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Tips From Dr. Marzano

A Handbook for High Reliability Schools: The Next Step in School Reform

 

A Handbook for High Reliability Schools The following tips are designed to assist you in applying the latest research in tangible ways in your classroom, school, or district.

 

 

A high reliability school, by definition, monitors the effectiveness of critical factors within the system and immediately takes action to contain the negative effects of any errors that occur.

These schools have several things in common, including high, clear, shared goals; real-time, understandable, comprehensive data systems; collaborative environments; flexibility; formalized operating procedures; a focus on best practices and expertise over seniority; rigorous teacher performance evaluations; and clean, well-functioning campuses. (pages 1–2)

In order to know what to work on and to measure their success at each level, school leaders need ways to assess their school’s current status, gauge their progress through each level, and confirm successful achievement of each level.

Leading and lagging indicators are useful to these ends. The distinction between leading and lagging indicators is this: leading indicators show what a school should work on to achieve a high reliability level (they provide direction), and lagging indicators are the evidence a school gives to validate its achievement of a high reliability level (they provide proof), particularly in areas where there is general agreement that the school is not doing well. (page 5)

Problem prevention is an excellent reason to constantly monitor critical factors and address errors immediately.

However, it is not the only reason to monitor performance. Tracking performance using quick data allows school leaders to celebrate successes with staff members, parents, and students. (page 11)

Level 4 of the Marzano High Reliability Schools™ model requires schools to implement standards-referenced reporting, which means that student achievement is measured and reported through the use of specific measurement topics in each subject area.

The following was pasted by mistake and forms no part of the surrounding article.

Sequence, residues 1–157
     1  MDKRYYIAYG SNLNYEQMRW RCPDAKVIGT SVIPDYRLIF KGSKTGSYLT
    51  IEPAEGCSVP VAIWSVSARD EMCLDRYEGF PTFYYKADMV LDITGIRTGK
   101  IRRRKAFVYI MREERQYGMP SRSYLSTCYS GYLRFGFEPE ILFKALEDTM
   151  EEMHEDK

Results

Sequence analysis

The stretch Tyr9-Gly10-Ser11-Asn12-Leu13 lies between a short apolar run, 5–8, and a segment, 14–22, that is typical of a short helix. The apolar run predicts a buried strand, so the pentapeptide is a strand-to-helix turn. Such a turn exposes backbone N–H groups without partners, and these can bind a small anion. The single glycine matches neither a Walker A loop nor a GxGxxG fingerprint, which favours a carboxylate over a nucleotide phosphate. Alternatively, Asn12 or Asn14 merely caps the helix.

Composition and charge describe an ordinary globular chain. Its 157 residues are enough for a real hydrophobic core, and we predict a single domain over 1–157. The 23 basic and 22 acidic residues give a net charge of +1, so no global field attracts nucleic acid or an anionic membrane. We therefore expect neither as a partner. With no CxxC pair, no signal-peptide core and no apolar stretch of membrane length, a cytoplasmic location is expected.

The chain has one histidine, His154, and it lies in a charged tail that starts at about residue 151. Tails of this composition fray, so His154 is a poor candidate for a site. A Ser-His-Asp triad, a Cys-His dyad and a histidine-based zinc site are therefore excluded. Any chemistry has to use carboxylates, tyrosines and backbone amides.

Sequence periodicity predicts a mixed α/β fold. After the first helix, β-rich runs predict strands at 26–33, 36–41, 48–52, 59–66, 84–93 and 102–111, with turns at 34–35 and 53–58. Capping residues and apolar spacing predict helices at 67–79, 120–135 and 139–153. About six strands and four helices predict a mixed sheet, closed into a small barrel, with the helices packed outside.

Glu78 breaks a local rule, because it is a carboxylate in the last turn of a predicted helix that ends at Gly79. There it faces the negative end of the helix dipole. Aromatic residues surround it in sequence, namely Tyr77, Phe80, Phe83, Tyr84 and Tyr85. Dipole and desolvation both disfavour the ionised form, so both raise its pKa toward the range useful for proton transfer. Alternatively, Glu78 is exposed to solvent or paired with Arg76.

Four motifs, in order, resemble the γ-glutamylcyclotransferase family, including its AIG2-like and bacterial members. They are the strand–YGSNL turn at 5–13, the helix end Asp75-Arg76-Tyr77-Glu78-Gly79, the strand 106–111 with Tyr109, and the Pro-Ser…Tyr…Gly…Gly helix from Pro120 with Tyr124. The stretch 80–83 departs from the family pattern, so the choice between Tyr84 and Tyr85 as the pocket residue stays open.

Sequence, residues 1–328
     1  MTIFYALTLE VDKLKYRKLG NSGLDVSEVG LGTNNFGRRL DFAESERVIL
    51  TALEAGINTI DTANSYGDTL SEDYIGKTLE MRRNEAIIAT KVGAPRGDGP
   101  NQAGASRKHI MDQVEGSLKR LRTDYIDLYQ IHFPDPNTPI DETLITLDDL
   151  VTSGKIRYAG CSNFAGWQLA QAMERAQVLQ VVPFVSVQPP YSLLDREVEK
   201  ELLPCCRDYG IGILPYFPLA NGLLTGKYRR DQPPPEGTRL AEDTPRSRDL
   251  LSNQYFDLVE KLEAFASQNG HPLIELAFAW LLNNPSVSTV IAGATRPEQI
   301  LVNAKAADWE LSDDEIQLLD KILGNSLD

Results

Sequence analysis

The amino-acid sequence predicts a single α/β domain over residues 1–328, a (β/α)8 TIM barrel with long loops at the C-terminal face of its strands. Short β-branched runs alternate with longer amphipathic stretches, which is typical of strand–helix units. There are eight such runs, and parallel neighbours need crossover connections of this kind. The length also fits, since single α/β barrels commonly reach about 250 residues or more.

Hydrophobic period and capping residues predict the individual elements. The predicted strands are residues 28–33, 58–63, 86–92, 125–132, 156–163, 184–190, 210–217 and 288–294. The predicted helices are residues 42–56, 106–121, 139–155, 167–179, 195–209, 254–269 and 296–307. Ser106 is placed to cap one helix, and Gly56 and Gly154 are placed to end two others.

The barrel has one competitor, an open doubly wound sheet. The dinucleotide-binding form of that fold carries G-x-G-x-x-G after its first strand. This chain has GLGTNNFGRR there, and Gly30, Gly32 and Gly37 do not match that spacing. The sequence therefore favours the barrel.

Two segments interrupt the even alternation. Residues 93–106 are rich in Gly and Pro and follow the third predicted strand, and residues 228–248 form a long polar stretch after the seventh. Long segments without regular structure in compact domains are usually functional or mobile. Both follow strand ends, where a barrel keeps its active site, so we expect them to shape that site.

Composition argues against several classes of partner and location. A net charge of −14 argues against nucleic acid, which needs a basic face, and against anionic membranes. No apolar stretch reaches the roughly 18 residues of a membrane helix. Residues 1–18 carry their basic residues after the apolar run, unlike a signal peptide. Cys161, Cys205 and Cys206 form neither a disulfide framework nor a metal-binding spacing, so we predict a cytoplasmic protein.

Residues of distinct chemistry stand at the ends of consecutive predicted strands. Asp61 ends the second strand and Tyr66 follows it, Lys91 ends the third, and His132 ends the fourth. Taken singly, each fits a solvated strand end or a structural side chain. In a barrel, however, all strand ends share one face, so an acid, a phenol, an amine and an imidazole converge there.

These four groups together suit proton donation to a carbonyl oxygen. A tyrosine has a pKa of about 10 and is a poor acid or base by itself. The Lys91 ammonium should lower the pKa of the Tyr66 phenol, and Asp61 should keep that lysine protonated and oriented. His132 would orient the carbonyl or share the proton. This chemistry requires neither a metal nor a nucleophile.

Unlike standards-based grading systems, standards-referenced systems do not require students to become proficient in a particular measurement topic before they move on to the next topic. Instead, students’ mastery of each measurement topic in a subject area is reflected on their report cards as a score. Standards-referenced reporting can act as a stepping stone to the more comprehensive overhaul of school reporting, organization, and priorities than a standards-based system requires (p. 83).

To reach high reliability status for level 4, schools must first develop proficiency scales for their essential content.

Proficiency scales outline the simpler content, target learning goal, and more complex content for the measurement topics in a subject area. Students earn scores for each level of the proficiency scale they master; a score of 4.0 means they have mastered the more complex content, a score of 3.0 means they have mastered the target learning goal, a score of 2.0 means they have mastered the simpler content, a score of 1.0 means they have partial success with help, and a score of 0.0 means they do not demonstrate success with any of the content, even with help. Importantly, proficiency scales promote consistent expectations for student achievement across teachers, subject areas, and grade levels by clearly delineating what comprises student mastery. Every essential topic in every grade level needs its own proficiency scale, which schools can develop through the use of collaborative subject-area or grade-level teams and guiding state or national standards. Additionally, Marzano Research offers a number of resources that can assist schools with the creation or implementation of proficiency scales, such as a proficiency scale bank at itembank.marzanoresearch.com and personalized scale consultation services (pp. 89–91).

Once schools have developed proficiency scales for each subject area, they can begin reporting students’ status and growth on report cards using these scales.

Schools may need to redesign report cards so that they better reflect students’ scores on individual measurement topics. For instance, a standards-referenced report card would report a student’s scores for the five measurement topics covered in a course’s grading period. Standards-referenced report cards can also feature bar graphs that illustrate a student’s growth from the beginning of the grading period to the end. While schools can report student scores using 0.0–4.0 ranges, they can also translate proficiency scale scores into summative number or letter grades by establishing a conversion scale. One school may determine, for example, that scores 3.00–4.00 are an A grade, scores 2.50–2.99 are a B grade, scores 2.00–2.49 are a C grade, scores 1.00–1.99 are a D grade, and scores below 1.00 are an F grade (pp. 91–94).

Level 5, the topmost HRS designation, can only be achieved after a school has effectively implemented competency-based education.